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Trigger Points

Some basic self-care techniques for Trigger Points

Repeat after me: STOP rolling around on hard balls and ‘smashing your tissue’.

This creates unnecessary inflammation that can promote/prolong the trigger point.

Instead, find the most painful spot and use a tennis ball (or similar that is firm, yet has some give) and use a comfortable pressure i.e. bodyweight or partial bodyweight for between 30 seconds up to a maximum of 2 minutes, or until you feel a ‘release’.  Try and stay still, don’t roll around.

All that is required is enough compression to deprive the tissue of oxygen.  This triggers a biochemical cascade that will result in the fascicles (subunits of muscle fibres) relaxing.  Rolling around and ‘smashing yourself’ on a hard ball) can have the opposite effect by creating a ‘forward feedback loop’ (small peptide molecules called cytokines may be released, which promotes inflammation, and have been shown to be part of the process in forming MTPs) as well as triggering nociceptors (pain receptors) which may also lead to the formation of MTPs.

If this isn’t enough to completely resolve the MTP, and this is often the case when they are substantial and/or long standing, this likely requires treatment – come and see me!  If they resolve, but keep coming back, they are likely part of a compensation pattern in your body (overactivity in some muscles compensating for weakness in others) – come and see me!

Key Points

  • Travell first coined the term ‘myofascial trigger point’ (MTP) in 1950 &, in 1983 with Simons, published the book: Myofascial Pain: the Trigger Point Manual
  • Diagnosis requires at least 2 of:
    • a taut band
    • a hypersensitive spot
    • &/or referred pain
  • MTPs are a sustained contraction of muscle fascicles that constrict local circulation
  • MTPs result from
    • acute injury
    • or sustained, repetitive muscle contraction
      • e.g. an overuse injury and/or poor posture
    • Small MTPs may self-resolve; however, larger MTPs may persist for months or years
    • MTPs can cause pain, limit range of motion & muscle strength; can cause certain types of headaches, neck & back pain; & may lead to myofascial pain syndrome
    • Best treated with ischemic pressure (i.e. thumb, elbow, etc), dry needling (particularly if larger or more painful), or other manual therapy techniques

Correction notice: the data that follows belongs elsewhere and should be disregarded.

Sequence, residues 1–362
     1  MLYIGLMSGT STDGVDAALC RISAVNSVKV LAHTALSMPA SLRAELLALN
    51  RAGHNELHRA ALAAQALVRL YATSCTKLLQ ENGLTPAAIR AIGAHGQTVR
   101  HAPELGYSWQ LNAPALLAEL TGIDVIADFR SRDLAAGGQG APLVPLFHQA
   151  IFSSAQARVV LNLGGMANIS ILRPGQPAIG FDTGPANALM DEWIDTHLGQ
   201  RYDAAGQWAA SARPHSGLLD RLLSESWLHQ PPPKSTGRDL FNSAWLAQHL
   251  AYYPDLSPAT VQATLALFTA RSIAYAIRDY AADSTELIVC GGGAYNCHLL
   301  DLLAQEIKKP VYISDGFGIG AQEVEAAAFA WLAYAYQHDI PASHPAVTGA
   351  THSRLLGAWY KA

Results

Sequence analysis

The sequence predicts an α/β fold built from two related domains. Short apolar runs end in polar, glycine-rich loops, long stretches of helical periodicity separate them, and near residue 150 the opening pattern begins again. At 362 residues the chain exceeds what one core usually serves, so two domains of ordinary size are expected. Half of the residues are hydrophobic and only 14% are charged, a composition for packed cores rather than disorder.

A brief history and definition:

As far back as 1816 the British physician, Balfour, wrote about pain associated with thickenings and nodules in muscles, but it wasn’t until 1950 that Travell and Rinzler first coined the term ‘Myofascial Trigger Point’(MTP) (1).  In 1983, Travell with her colleague Simons, wrote what is considered to be the seminal work on the subject: Myofascial Pain: the Trigger Point Manual, Volume A & B, which defined a MTP as   ‘a highly irritable, localised spot of exquisite tenderness in a nodule in a palpable band of taut muscle tissue’ (2).  Later definitions have expanded this to include ‘a taut band of skeletal muscle tissue or in the muscle fascia which is painful on compression and can give rise to characteristic referred pain, motor dysfunction, and autonomic phenomena’(3).

Diagnostic criteria

While most clinicians and researchers agree that MTPs exist, there has been a lot of debate over their diagnostic criteria.  Recently, a DELPHI study (a large formal survey of experts – in this case over 60 from 12 countries) published the following guideline criteria:

Two out of three of the following – (i) a taut band; (ii) a hypersensitive spot; and (iii) referred pain.

The DELPHI study also differentiated an ‘active MTP’ – a continually painful MTP – from a ‘latent MTP’ – a MTP that is only painful when stimulated.  The study also broadened the term ‘referred pain’ (in relation to MTPs) to include different sensations such as tingling, burning, spreading, etc. in addition to frank pain (4).

So, what are MTPs?

Ultrasound and thermal imaging have shown that the area of a MTP includes a ‘hotspot’ surrounded by a cool area, with the heat likely resulting from the contraction of fascicles (subunits of a muscle fibre), with the surrounding cool area due to lack of blood supply to the area (5).

So, what causes Trigger Points?